Tuesday, April 17, 2001

Some Fear National Languages are Threatened

NY Times, April 16, 2001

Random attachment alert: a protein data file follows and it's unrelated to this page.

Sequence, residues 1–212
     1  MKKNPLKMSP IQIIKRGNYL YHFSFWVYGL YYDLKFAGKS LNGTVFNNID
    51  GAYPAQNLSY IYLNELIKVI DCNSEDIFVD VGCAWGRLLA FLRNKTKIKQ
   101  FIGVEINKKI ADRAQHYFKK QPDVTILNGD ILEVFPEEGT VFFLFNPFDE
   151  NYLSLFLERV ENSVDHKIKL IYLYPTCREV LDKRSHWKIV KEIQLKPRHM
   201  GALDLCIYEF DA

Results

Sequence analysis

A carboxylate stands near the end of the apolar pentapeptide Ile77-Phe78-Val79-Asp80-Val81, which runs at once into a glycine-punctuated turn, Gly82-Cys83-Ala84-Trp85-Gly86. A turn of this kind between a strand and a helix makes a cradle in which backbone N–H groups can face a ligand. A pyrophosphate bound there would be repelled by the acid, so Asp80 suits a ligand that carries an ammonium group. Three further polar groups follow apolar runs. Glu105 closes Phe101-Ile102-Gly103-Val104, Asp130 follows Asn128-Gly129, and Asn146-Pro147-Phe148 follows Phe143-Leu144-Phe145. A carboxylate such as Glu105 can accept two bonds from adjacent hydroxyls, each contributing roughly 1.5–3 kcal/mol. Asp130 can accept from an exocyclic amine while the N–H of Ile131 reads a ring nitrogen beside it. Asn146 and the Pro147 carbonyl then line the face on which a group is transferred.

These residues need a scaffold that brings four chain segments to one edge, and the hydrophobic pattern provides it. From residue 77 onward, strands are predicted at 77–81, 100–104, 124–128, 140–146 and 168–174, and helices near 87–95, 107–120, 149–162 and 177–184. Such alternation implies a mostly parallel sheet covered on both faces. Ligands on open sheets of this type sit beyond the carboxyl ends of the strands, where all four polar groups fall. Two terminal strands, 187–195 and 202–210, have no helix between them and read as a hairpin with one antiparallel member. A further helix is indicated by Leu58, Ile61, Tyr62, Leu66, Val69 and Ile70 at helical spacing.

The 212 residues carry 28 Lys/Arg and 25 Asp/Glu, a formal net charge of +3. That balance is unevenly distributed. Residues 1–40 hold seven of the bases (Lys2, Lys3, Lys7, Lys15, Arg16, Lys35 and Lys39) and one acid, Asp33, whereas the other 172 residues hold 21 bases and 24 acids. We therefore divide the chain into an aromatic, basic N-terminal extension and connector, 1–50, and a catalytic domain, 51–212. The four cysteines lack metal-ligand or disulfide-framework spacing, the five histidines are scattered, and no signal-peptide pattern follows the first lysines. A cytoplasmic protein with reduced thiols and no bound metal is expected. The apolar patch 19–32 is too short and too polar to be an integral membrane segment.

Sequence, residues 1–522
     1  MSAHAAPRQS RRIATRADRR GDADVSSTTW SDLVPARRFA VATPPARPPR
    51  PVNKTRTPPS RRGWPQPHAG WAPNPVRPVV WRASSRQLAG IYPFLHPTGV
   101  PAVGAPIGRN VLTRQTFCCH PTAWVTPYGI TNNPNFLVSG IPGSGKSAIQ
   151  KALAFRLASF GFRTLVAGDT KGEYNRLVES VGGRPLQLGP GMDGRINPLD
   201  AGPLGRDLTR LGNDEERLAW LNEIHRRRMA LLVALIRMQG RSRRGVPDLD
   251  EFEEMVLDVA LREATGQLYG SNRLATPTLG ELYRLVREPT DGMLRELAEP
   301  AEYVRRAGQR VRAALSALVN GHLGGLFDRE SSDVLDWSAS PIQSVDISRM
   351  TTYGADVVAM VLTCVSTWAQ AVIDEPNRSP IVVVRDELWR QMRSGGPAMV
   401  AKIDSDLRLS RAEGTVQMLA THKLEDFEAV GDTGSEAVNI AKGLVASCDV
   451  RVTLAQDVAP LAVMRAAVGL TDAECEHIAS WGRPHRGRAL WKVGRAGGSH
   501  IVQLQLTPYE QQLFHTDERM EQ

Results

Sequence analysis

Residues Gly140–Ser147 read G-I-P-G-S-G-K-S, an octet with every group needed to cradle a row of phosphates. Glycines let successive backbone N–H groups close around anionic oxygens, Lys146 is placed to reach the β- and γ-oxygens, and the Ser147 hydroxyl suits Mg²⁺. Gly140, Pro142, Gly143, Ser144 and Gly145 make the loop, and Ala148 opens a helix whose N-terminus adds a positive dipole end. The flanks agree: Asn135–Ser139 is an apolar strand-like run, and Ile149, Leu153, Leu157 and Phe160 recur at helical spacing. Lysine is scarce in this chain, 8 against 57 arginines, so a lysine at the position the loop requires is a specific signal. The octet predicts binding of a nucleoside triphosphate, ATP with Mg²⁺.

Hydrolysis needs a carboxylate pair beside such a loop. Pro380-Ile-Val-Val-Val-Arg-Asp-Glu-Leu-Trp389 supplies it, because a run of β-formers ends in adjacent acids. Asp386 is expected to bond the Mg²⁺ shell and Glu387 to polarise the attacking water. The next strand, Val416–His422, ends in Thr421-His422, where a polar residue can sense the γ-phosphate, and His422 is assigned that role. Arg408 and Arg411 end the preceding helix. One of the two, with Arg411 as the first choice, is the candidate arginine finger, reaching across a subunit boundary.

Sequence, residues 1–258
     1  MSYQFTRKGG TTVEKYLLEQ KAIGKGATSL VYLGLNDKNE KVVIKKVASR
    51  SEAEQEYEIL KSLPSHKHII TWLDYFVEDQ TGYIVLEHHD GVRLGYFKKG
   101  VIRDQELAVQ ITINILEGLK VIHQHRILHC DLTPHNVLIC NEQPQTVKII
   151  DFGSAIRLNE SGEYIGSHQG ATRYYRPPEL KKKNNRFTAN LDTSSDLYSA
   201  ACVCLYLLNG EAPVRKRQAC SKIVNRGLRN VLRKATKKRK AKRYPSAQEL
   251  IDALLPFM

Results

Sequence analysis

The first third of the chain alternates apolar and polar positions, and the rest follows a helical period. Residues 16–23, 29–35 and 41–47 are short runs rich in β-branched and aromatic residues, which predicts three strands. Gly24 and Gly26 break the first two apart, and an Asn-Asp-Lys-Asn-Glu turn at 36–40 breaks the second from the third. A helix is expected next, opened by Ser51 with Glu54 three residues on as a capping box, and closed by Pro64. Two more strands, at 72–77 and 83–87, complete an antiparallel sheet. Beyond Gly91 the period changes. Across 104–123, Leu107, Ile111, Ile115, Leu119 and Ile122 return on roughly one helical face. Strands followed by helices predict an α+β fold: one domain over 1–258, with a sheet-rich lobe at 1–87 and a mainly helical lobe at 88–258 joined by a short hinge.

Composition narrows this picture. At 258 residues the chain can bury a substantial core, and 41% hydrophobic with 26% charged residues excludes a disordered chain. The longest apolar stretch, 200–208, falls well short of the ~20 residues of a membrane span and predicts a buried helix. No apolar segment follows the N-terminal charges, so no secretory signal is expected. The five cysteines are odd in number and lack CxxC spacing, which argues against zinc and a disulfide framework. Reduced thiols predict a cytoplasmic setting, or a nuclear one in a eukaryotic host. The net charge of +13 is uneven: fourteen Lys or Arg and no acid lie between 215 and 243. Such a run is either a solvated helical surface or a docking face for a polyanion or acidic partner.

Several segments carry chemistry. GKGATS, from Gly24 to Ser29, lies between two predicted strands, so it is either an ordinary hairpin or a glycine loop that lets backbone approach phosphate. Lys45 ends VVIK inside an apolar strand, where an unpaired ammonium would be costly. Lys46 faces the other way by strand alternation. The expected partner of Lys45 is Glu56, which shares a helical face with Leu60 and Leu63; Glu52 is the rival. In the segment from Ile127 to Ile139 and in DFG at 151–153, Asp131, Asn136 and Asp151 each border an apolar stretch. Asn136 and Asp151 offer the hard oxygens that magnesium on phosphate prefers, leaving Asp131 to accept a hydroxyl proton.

HALWIL, Switzerland � Throughout Europe, English is growing in use and acceptability. Beyond the schoolhouse here, European universities, particularly in northern Europe, are giving courses in science, philosophy and business in English. Even some companies, like the French telecommunications giant Alcatel � state owned until 1982 � now use English as their internal language. But the growing use of English is not going down easily everywhere. In one European Union survey, 70 percent of those surveyed agreed with the proposition that "everyone should speak English." But nearly as many said their own language needed to be protected...."If you start to eliminate the intellectual community and the economic community, you can eventually kill off a language." Traditionally Germans have been proud of their language's ability to absorb new words. But lately the tide seems to be turning. In one recent poll, 53 percent of those asked said they opposed the use of English words. Yet English marches on. It is now the most widely spoken second language in Europe. According to a European Union poll, released in February, more than 40 percent of Europeans surveyed say they "know" English as their second language. Add to that the 16 percent of European Union members who speak English as a first language, and already more than half of the union's citizens believe that they are conversant in English. Some experts say the language has become so prevalent that it is increasingly being thought of not as a foreign language, but as a basic skill like mathematics. Polls show that there is a sizable difference of opinion between Switzerland's majority German speakers and the smaller number of French speakers. In one survey by Le Matin, 62 percent of the French-speaking Swiss polled said teaching English should be a priority, while the proportion rose to 73 percent among German speakers. But the difference grew when people were asked whether English should be taught before a second national language. While just over half of German speakers supported the idea, 71 percent of French speakers opposed it.

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